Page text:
Method 2 (% of pt months method)

Standard: 96% average over entire year

For example, the same facility described in the method 1 example above tested 406 of its eligible 412 patients giving it a 99% testing rate for the year.

Under method 2, the same facility that could not successfully attest under method one, could now successfully attest to meeting the requirement under method 2.

Shortly following the final submission of QIP attestation into CROWNWeb, an informal survey of dialysis providers did indeed reveal that in the absence of specific mathematical guidance, some providers calculated compliance with this metric using method 1, while others used method 2. As illustrated by the example, the use of method 1 rather than method 2 can result in dramatic differences in the perception of quality for the same dialysis facility, or for providers with multiple dialysis centers.

To understand how much variance the use of method 1 vs. method 2 may have on a provider, we used our internal databases to test the sensitivity of method selection.  To do so, we took a random sampling of 1,801 dialysis facilities and calculated their QIP scores for a given year using both methods.

  • Using method 1, 1432/1801 (80%) facilities could successfully attest to having met the measure.
  • Using method 2, 1698/1801 (94%) facilities could successfully attest to having met the measure.

Clearly the perception of quality, and the payment under QIP would be substantially different, not based on actual quality delivered, but on the choice of calculation method. In addition, comparative quality among providers would not be a true apples-to-apples comparison since some use method 1 and some method 2.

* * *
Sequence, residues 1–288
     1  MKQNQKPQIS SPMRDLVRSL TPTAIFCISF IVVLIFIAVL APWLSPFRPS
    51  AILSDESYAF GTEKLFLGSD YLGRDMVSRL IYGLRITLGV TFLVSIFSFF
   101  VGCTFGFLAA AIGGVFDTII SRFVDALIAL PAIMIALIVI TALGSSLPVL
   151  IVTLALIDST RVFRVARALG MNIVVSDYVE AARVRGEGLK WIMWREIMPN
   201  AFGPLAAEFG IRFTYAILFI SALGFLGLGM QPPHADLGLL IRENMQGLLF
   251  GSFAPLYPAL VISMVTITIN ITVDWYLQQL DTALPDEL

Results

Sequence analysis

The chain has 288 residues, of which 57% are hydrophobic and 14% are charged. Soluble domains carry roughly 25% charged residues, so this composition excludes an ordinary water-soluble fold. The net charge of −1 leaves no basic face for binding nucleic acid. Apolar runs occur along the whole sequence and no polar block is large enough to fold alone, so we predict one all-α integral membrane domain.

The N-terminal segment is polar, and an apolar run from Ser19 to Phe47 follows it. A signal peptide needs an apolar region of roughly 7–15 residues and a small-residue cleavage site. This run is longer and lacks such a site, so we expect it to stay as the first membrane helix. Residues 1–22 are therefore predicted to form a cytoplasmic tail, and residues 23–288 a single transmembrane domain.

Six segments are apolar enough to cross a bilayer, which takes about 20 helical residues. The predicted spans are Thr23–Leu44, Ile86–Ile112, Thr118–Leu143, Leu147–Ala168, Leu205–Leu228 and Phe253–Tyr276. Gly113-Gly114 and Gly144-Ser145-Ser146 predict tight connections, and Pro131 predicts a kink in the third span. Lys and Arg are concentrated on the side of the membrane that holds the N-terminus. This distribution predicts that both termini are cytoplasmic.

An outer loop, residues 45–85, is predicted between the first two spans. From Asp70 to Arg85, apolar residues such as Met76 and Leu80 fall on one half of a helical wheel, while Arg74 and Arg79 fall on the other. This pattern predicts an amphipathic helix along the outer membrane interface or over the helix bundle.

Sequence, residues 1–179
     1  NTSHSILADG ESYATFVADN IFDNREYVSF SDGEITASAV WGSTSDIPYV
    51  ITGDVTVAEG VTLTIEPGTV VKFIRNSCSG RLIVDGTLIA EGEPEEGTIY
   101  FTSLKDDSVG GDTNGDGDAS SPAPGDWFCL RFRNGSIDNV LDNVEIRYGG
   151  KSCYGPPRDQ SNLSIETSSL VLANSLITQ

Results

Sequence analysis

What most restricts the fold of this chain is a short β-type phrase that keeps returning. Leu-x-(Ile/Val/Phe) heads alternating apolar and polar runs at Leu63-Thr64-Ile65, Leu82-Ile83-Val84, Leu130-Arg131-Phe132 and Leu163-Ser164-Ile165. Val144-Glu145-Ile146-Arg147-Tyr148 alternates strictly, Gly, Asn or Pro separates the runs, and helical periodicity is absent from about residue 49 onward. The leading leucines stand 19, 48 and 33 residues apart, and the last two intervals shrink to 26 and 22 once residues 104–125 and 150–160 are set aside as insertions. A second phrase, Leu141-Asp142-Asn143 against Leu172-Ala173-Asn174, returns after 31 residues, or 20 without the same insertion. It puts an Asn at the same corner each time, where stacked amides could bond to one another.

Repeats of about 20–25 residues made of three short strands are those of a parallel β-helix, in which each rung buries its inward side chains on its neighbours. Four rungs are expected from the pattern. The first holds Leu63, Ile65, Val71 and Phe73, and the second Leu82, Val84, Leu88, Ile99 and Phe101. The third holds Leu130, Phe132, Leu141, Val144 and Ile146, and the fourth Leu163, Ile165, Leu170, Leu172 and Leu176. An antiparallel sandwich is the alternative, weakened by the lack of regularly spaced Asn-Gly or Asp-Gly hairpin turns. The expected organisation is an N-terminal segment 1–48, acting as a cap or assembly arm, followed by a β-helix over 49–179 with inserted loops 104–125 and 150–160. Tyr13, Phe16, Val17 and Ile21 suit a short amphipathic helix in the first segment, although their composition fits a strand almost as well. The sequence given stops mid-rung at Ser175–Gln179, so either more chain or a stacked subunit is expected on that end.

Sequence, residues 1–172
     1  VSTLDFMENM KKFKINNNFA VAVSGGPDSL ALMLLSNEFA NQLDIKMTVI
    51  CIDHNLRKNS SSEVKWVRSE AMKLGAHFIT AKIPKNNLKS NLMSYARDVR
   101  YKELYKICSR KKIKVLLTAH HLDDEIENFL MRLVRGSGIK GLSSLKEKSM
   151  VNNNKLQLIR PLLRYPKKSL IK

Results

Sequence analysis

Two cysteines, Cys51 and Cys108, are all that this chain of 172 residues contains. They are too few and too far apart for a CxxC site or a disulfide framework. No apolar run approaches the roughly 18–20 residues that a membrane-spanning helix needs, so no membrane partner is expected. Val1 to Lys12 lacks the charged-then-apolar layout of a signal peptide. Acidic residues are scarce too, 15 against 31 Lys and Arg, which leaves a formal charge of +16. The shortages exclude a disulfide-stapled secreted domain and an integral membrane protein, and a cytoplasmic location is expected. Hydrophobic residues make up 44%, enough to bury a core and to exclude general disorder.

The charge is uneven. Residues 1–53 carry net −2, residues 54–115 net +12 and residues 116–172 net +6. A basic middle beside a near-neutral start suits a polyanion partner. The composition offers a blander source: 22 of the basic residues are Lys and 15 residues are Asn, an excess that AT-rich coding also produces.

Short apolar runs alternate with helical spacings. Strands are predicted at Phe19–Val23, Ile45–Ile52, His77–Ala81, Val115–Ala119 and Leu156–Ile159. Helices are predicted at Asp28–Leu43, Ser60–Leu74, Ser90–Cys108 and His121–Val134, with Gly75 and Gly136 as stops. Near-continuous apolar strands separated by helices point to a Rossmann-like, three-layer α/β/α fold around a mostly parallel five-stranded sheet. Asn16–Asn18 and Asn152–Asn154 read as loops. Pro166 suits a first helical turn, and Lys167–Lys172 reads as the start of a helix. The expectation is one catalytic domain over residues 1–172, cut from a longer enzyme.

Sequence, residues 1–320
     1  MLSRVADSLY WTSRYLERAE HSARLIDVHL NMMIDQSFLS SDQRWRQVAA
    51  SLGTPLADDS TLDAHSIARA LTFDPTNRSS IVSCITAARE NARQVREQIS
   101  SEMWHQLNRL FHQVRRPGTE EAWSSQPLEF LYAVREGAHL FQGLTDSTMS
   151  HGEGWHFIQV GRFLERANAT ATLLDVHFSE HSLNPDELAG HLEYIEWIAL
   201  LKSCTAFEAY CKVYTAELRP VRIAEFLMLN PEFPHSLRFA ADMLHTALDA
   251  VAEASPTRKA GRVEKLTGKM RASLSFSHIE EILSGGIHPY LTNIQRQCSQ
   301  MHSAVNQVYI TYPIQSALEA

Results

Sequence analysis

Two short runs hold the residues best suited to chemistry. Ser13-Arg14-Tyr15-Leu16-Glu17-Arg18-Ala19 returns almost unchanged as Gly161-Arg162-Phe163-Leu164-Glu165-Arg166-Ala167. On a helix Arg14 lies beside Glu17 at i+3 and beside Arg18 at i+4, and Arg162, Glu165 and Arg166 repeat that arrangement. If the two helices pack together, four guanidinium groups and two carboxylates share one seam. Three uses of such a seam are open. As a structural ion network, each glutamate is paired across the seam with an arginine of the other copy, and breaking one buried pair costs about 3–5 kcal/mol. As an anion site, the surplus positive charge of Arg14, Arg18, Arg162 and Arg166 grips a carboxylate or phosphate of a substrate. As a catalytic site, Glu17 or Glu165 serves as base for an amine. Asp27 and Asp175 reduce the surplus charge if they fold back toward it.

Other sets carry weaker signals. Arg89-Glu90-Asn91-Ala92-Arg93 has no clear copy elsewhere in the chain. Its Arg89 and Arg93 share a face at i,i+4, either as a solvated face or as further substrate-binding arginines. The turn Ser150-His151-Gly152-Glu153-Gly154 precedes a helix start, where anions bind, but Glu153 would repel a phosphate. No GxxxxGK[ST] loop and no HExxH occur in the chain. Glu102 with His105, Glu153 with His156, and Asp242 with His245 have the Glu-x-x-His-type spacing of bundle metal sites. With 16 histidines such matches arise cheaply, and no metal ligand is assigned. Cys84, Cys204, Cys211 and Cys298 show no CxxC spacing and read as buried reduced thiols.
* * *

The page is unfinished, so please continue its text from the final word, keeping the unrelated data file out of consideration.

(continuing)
This example reinforces the need for CMS to be explicit and provide the business rules and mathematical equations needed for self-reported attestation measures on par with the clarity provided for measures that CMS calculates itself centrally. Failure to do so may result in an apple to oranges comparison of results depending on which method is used. Many of the comment letters recently submitted on the QIP sections of the proposed ESRD rule in the fall of 2013 have advocated the need for such clarity.

Failure to correct such ambiguity creates an administrative issue that undermines the goals of the QIP program. Such data, influenced by an inconsistent application of business rules, may mislead patients and payors about the true quality of care provided. Further in a P4P program, this variability of interpretation may also cost facilities money. The solution to this issue is simple. Providing the mathematical equation to do this calculation should be straightforward and within the regulatory authority of CMS to implement. And by doing so, CMS can enable the shared goal of using comparable data to drive improved outcomes and benefit patients.